Show your workings
What this all boils down to is that familiar maths teacher annotation.

  • Lets see the documents that led Camden to decide there are 80 jobs on the site. The Save Liddell Road campaign is happy to share its research that led to a figure of 250 (which it admits does involve some extrapolation).
  • Lets get a clear understanding of why Camden isn’t willing to include any affordable housing in its scheme.
  • Lets get a clear understanding of how this scheme fits into Camden’s Core Development Policy regarding employment space

On that final point, here’s the relevant policy:

Having a range of sites and premises across the borough to suit the different needs of businesses for space, location and accessibility is vital to maintaining and developing Camden’s economy. An increase in the number and diversity of employment opportunities is fundamental to improving the competitiveness of Camden and of London. The Council wants to encourage the development of a broad economic base in the borough to help meet the varied employment needs, skills and qualifications of Camden’s workforce.

Camden already has, according to its own Core Strategy document, one of the lowest stocks of industrial and warehousing space among London boroughs. There has been virtually no new provision of such premises in the borough for many years. The document also says that “it is unlikely that the retail or hospitality sectors will provide straightforward alternative job opportunities for people losing industrial/warehousing jobs in the borough.”

The Core Strategy document continues:

The Council will continue to protect industrial and warehousing sites and premises that are suitable and viable for continued use. This will help to provide premises for new and expanding businesses, support the Central London economy and secure job opportunities for local people who may find difficulties finding alternative work. In addition, we will promote development that includes space for industrial uses to serve the Central London business market.

To reiterate – councils must make tough decisions; and school places are clearly needed. Cllr Theo Blackwell has already set out here why some other alternatives are not viable. Nevertheless, if the solution is the forced removal of all the businesses and jobs on Liddell Road, to be replaced by not just a school, but office space and entirely privtate housing, then the community needs stronger assurances as to how that decision has been made, and whether there could be any way in which provision for replacement light industrial space could be built into upcoming developments (e.g., 156 West End Lane and the O2 car park).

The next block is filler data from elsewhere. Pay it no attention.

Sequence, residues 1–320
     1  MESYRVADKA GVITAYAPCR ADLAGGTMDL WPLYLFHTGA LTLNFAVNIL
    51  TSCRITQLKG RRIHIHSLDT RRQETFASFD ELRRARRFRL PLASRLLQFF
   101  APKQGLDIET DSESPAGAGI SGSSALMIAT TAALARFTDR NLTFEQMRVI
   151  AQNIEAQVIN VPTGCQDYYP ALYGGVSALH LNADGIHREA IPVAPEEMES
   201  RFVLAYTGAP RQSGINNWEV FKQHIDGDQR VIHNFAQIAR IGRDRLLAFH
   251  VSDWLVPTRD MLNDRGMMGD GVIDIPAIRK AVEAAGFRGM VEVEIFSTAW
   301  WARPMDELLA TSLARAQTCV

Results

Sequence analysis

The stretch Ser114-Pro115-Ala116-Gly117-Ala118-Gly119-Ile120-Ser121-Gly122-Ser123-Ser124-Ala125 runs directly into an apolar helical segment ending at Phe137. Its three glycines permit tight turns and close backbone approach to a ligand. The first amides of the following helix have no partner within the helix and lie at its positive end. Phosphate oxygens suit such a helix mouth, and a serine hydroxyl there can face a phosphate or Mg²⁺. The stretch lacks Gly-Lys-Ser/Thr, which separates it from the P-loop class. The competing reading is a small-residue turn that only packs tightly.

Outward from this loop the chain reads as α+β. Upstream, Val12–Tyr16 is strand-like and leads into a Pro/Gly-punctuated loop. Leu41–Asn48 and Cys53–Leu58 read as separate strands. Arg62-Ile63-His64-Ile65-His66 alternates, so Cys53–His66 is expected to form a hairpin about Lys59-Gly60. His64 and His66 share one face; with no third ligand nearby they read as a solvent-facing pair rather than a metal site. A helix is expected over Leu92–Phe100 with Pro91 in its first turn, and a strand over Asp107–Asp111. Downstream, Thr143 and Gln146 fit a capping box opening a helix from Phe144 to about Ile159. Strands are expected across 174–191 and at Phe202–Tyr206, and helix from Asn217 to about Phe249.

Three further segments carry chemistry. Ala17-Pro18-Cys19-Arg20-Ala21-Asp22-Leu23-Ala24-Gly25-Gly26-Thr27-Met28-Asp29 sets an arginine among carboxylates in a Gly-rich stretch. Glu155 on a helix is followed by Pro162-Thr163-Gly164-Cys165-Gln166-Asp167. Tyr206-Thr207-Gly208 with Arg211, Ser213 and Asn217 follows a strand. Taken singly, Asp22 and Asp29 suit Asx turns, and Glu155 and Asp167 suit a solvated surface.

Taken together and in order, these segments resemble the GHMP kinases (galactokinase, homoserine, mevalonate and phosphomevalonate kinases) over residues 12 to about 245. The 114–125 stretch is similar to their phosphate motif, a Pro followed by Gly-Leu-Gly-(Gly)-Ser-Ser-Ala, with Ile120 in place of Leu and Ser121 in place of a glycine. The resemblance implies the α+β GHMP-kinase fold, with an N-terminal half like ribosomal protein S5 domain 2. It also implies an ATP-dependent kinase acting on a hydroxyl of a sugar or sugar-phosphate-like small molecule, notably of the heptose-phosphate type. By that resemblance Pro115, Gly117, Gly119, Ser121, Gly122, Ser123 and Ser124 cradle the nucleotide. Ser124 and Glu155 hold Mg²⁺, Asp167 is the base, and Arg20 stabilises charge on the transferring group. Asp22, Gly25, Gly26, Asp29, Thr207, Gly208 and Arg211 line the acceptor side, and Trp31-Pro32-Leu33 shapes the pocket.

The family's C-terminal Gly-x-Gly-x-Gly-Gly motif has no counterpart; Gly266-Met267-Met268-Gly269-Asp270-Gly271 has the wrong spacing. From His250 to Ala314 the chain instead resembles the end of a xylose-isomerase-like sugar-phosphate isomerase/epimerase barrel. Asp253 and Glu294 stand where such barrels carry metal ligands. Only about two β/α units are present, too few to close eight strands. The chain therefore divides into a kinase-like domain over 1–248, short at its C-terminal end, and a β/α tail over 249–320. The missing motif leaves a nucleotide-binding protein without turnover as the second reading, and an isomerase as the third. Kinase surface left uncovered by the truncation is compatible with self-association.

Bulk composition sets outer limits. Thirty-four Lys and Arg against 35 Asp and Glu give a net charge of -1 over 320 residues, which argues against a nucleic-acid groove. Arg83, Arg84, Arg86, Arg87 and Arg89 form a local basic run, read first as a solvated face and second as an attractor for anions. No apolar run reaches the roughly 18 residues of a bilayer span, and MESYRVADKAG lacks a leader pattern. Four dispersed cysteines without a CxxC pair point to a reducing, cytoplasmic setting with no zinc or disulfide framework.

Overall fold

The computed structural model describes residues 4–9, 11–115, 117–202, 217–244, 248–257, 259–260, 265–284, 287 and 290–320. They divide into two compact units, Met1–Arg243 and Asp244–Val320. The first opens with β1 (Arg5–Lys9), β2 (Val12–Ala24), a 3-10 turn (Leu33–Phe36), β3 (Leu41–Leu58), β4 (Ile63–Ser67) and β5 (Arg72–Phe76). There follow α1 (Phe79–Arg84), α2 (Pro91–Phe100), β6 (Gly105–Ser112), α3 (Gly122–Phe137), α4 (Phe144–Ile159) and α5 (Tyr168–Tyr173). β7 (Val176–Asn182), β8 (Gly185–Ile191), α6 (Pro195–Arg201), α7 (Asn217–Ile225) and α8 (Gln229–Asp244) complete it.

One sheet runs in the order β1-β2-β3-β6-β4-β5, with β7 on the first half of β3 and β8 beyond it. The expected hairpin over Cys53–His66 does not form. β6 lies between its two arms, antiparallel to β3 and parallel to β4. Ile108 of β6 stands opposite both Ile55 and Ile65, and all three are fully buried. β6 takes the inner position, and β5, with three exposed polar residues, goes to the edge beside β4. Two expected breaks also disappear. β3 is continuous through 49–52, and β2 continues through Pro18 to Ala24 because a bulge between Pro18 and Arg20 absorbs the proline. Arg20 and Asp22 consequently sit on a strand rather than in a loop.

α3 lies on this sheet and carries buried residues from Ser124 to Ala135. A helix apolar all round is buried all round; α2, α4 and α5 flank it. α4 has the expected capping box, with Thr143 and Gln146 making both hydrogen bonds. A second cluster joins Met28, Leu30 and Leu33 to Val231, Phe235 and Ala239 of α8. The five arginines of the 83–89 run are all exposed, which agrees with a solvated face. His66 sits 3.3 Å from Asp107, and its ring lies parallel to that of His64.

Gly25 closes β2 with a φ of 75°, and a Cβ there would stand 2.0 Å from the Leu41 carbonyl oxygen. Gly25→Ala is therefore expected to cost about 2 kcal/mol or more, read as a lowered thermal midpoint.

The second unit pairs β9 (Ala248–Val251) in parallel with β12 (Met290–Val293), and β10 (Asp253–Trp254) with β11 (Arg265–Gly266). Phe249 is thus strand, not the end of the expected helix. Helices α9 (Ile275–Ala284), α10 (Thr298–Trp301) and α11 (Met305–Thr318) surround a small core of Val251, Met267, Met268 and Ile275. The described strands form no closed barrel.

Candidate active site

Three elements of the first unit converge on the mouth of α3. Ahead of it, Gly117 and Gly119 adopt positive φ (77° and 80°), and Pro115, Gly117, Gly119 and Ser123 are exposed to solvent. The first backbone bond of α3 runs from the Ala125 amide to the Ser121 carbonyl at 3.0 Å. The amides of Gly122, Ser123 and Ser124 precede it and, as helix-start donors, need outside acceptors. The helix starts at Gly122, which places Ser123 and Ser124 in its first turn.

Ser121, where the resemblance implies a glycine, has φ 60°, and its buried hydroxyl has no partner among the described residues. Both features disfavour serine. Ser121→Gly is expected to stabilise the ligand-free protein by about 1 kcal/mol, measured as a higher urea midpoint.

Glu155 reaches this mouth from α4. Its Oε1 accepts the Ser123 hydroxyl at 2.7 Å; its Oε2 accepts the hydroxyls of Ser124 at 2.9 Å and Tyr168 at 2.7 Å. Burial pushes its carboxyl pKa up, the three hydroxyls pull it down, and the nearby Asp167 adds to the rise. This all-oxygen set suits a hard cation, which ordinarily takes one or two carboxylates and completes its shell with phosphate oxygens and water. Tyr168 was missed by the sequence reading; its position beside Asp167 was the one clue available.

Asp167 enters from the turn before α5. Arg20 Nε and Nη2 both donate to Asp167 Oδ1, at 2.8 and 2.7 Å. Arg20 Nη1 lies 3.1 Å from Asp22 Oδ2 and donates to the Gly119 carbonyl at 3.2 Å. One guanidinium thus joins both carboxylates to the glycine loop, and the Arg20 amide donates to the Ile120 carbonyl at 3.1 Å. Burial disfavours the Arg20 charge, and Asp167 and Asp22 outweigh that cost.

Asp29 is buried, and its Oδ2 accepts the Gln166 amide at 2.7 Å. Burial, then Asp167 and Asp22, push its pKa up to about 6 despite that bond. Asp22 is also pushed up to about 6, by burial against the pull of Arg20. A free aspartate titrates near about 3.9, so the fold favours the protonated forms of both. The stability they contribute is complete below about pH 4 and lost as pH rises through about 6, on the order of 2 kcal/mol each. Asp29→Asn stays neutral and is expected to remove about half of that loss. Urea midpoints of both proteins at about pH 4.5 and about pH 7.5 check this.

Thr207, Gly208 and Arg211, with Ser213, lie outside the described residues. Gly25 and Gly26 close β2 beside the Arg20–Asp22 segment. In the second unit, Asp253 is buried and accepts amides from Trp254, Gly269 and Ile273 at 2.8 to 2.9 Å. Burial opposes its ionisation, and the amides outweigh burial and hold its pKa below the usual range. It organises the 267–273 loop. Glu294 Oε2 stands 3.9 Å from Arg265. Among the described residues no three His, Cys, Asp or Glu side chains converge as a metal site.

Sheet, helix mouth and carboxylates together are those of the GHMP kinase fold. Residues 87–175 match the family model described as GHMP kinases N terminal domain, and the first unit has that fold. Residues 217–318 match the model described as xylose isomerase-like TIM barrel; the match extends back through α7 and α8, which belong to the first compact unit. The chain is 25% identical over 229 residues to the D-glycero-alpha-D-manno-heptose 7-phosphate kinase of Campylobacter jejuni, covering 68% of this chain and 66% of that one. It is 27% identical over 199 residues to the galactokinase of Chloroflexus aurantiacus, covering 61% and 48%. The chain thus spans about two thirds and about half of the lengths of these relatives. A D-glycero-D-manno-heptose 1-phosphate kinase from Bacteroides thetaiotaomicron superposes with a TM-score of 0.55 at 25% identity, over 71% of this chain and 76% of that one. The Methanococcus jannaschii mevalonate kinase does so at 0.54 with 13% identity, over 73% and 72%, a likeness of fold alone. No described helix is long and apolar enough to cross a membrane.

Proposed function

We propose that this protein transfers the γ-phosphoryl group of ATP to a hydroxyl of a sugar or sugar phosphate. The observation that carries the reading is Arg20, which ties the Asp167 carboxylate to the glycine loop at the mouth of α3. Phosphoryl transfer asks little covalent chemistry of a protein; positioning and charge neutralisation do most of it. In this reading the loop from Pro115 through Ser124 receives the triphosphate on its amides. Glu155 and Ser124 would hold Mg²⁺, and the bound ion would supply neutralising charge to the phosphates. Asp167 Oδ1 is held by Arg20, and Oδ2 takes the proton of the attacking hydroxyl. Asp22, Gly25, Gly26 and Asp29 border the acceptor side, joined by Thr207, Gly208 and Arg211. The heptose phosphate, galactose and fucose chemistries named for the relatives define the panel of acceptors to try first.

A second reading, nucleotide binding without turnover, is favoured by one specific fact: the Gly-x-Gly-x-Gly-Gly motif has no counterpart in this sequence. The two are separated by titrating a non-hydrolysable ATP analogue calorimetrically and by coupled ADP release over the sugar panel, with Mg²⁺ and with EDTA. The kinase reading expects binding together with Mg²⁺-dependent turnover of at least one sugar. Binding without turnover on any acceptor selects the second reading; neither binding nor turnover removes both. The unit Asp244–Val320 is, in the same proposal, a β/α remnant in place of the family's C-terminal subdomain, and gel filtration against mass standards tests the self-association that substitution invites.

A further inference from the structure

The risk otherwise is that West Hampstead truly will become nothing but a collection of expensive two-bed flats, estate agents to sell them, and hairdressers to ensure the residents are well-coiffed.

Camden – please show your workings.

TheoBlackwell

Camden responds to Liddell Road criticism

If you read the Twitter conversation from last week about the Liddell Road development, you’ll have seen that Cllr Theo Blackwell, Camden’s cabinet member for finance, offered to go into more detail about the council’s decision to give the go ahead to the expansion of Kingsgate School before the larger redevlopment plan has gone to consultation, and at the expense of the jobs on the industrial estate that’s there now.

Here are his thoughts on the matter:

On Wednesday, Camden’s Cabinet took a decision as part of the borough-wide Community Investment Programme to fund a new primary school and business units on the site of Liddell Road, NW6; currently industrial premises owned by the council and leased to a variety of businesses.

The benefits to NW6 are considerable – with 420 new primary school places and new space for businesses. Elsewhere in Camden, from Holborn through Somers Town, Kentish Town, Gospel Oak, Highgate and Kilburn – and now West Hampstead – Camden is redeveloping public land to build more than 1,100 council homes, three primary schools and two new public libraries as well as new, modern business space. This is one of the most substantial self-funded capital investment programmes in the country, providing jobs and better public services for local people.

A new school and new businesses in Liddell Road are a key part of this, showing that despite very limited resources we are trying to make a difference by improving schools in NW6 as much as everywhere else in Camden.

However, it comes at a price – the new primary school and employment space will displace existing firms on the site because the only way we can pay for the new school, as with the new Netley School and Edith Neville primaries in NW1, is by raising money by a wider development of land the council owns.

Quite reasonably, West Hampstead Life and others have asked whether we could have funded this by some other means so the community could get as many benefits as possible:

What about using central government money? Due to cuts to investment introduced in June 2010, today only 1% of all Camden’s capital need for schools, housing and other infrastructure is supplied by central government. Schools investment was particularly impacted with £170m+ in bids ended, effectively leaving schools with no money for needed works (e.g. energy efficiency, heating, new roofs, classrooms etc) for the rest of the decade at least.